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MOrsel: Jersey disability discrimination update – Priaulx v Valla Limited

[Dynamic date]

22 February 2021

Donald Rumsfeld infamously said: "there are known unknowns; that is to say we know there are some things we do not know. But there are also unknown unknowns—the ones we don't know we don't know."

A recent judgment from the Jersey Employment and Discrimination Tribunal is a clear warning to local businesses that when it comes to the question of disability, there should be no unknowns, whether known or otherwise.

Upholding claims for indirect disability discrimination (failure to make reasonable adjustments) direct disability discrimination (discrimination arising from disability) and unfair dismissal, the Tribunal went on to award compensation just shy of £30,000.

The case appears to have had a deeply contested procedural history, but the facts described in the Tribunal judgment are simple.

An employee sustained a back injury at work in June 2017, as a result of which she experienced pain and discomfort in carrying out her duties for her employer, a trust company. In August 2019, following recurring periods of sick leave, the employee was dismissed from her employment. Between May and November 2019, when her employment terminated, the employee's sickness absence was unpaid.

Key to the employer's defense was its position that it did not have knowledge of her disability. Significantly, this position was rejected by the Tribunal. Under the Discrimination (Jersey) Law, an employer may be imputed with knowledge if they knew or could have been reasonably be expected to know that the employee is disabled within the meaning of the legislation.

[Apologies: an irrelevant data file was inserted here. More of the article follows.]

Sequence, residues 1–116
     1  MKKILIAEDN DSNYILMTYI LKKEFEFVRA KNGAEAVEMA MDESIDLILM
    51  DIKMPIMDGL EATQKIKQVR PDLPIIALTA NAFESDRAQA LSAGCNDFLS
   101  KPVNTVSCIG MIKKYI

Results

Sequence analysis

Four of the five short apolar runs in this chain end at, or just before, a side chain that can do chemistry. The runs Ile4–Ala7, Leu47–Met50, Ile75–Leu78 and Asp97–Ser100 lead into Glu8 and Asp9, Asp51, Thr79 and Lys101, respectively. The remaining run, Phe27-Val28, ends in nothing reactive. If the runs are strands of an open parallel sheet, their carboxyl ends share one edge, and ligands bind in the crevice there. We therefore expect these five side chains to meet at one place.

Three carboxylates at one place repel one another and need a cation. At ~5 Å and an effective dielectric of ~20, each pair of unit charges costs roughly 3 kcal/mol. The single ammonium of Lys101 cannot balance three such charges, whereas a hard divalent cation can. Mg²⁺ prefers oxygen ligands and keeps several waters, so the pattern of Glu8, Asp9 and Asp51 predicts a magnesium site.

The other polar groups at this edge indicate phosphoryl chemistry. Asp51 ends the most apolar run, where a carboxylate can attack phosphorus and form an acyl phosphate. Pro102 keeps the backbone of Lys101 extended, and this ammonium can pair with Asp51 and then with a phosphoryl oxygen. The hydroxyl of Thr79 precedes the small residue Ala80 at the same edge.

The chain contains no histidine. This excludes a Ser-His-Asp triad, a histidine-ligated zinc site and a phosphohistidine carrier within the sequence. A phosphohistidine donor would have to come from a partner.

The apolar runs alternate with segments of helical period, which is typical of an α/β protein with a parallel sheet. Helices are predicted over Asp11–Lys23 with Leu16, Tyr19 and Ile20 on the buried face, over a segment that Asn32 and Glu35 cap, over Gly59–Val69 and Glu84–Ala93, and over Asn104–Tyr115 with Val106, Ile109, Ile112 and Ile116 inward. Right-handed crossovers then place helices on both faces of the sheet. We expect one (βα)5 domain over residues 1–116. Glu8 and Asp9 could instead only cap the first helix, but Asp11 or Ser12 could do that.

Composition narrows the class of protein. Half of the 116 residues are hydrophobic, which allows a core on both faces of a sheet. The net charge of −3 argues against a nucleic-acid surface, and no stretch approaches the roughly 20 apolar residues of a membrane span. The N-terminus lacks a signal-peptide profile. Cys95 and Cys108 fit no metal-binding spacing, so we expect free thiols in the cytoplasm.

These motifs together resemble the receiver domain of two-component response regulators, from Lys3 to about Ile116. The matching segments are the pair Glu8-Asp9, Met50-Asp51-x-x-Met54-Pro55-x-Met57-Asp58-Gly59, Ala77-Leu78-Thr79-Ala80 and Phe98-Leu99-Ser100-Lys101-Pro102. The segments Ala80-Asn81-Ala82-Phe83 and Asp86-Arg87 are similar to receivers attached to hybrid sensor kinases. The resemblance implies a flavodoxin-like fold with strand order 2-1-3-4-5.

In the Tribunal's view, it should have been obvious to the employer that this employee met the definition of disability on production of an investigation report in July 2019, shortly before a capability meeting took place. In particular, the Tribunal ruled that it was "nonsensical" for the employer to say there was insufficient evidence to conclude that the employee was disabled. 

Ultimately, the Tribunal found that the employer had failed to discharge its duty to make reasonable adjustments in respect of disability before deciding to dismiss the employee (evidently the provision of a stand-up desk would have been a simple and effective measure to mitigate the effects of the employee's back condition).

The Tribunal further held that by not paying the employee during the period of sickness absence leading up to her dismissal, and by dismissing her, the employee had subjected her to 'unfavourable treatment' which was causally connected to her disability. As a result of those findings, the dismissal itself was found to have been automatically unfair.

The judgment is well worth consideration by businesses operating in Jersey. Although not the first judgment dealing with disability discrimination since the introduction of protection in 2018, it is probably the most significant.

The Tribunal emphasised that it did not consider the employer to have acted maliciously, but that (together with its advisors) the employer had failed to understand the effect or meaning of the law relating to disability. A salutary reminder, perhaps, about the perils of unknowns.

The judgment is available to view here.